Hebrew Alphabet: Letters of the Alefbet

Level: Basic

The Hebrew and Yiddish languages use a different alphabet than English. The picture below illustrates the Hebrew alphabet, in Hebrew alphabetical order. Note that Hebrew is written from right to left, rather than left to right as in English, so Alef is the first letter of the Hebrew alphabet and Tav is the last. The Hebrew alphabet is often called the "alefbet," because of its first two letters.

Letters of the Alefbet

Final Chaf
 Final Nun
 Final Mem
 Final Tsadee
 Final Fay

If you are familiar with Greek, you will no doubt notice substantial similarities in letter names and in the order of the alphabet.

The "Kh" and the "Ch" are pronounced as in German or Scottish, a throat clearing noise, not as the "ch" in "chair."

Note that there are two versions of some letters. Kaf, Mem, Nun, Pe and Tzade all are written differently when they appear at the end of a word than when they appear in the beginning or middle of the word. The version used at the end of a word is referred to as Final Kaf, Final Mem, etc. The version of the letter on the left is the final version. In all cases except Final Mem, the final version has a long tail.

Like most early Semitic alphabetic writing systems, the alefbet has no vowels. People who are fluent in the language do not need vowels to read Hebrew, and most things written in Hebrew in Israel are written without vowels.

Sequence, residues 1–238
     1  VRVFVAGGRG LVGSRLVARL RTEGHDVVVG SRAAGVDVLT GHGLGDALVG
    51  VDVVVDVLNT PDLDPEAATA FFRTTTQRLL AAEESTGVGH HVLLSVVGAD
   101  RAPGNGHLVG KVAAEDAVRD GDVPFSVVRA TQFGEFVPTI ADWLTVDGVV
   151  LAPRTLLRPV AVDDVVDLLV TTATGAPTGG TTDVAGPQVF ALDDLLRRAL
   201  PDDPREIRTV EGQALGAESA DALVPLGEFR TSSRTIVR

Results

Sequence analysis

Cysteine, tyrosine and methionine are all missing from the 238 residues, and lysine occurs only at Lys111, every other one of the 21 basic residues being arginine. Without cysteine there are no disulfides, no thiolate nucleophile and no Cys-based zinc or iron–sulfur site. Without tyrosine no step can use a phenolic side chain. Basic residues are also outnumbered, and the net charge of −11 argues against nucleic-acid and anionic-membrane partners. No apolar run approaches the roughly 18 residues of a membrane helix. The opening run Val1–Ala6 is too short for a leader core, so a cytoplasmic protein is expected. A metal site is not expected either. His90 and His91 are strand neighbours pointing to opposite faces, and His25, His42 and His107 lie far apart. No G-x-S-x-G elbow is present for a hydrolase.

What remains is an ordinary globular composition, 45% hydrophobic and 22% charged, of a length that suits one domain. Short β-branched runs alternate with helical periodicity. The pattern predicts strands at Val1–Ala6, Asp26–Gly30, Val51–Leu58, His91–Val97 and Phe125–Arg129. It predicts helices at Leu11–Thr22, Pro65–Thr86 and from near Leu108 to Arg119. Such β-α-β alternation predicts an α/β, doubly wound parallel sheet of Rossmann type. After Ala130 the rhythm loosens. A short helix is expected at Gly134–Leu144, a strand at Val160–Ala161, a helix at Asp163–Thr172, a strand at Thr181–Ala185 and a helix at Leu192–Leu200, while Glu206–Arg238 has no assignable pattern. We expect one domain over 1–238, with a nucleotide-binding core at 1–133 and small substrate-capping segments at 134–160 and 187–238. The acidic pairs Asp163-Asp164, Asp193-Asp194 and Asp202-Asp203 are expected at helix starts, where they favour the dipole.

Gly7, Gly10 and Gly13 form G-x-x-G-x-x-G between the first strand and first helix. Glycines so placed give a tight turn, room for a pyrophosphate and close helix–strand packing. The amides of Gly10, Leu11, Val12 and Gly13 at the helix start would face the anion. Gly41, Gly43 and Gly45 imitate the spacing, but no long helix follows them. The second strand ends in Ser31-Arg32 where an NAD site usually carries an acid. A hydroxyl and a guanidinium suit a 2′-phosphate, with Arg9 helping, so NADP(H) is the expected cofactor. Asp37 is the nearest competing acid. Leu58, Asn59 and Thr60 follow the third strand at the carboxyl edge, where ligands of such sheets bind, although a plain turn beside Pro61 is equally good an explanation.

However, as Hebrew literacy declined, particularly after the Romans expelled the Jews from Israel, the rabbis recognized the need for aids to pronunciation, so they developed a system of dots and dashes called nikkud (points). These dots and dashes are written above, below or inside the letter, in ways that do not alter the spacing of the line. Text containing these markings is referred to as "pointed" text

Most nikkud are used to indicate vowels. The table at right illustrates the vowel points, along with their pronunciations.


Pronunciations are approximate; I have heard quite a bit of variation in vowel pronunciation. Vowel points are shown in blue. The letter Alef, shown in red, is used to illustrate the position of the points relative to the consonents.

The letters shown in purple are technically consonents and would appear in unpointed texts, but they function as vowels in this context.

There are a few other nikkud, illustrated and explained below.

The dot that appears in the center of some letters is called a dagesh. It can appear in just about any letter in Hebrew. With most letters, the dagesh does not significantly affect pronunciation of the letter; it simply marks a split between syllables, where the letter is pronounced both at the end of the first syllable and the beginning of the second. With the letters Bet, Kaf and Pe, however, the dagesh indicates that the letter should be pronounced with its hard sound rather than its soft sound. See the table above. In Ashkenazic pronunciation (the pronunciation used by many Orthodox Jews and by many older Jews), Tav also has a soft sound, and is pronounced as an "s" when it does not have a dagesh.

Vav, usually a consonant pronounced as a "v," is sometimes a vowel pronounced "oo" (u) or "oh" (o). When it is pronounced "oo" as in "food", pointed texts have a dagesh. When it is pronounced "oh" as in "Oh!," pointed texts have a dot on top.

Shin is pronounced "sh" when it has a dot over the right branch and "s" when it has a dot over the left branch.

At right is an example of pointed text. Nikkud are shown in blue. This line would be pronounced (in Sephardic pronunciation, which is what most people use today): V'ahavtah l'reyahkhah kamokhah. (And you shall love your neighbor as yourself. Leviticus 19:18).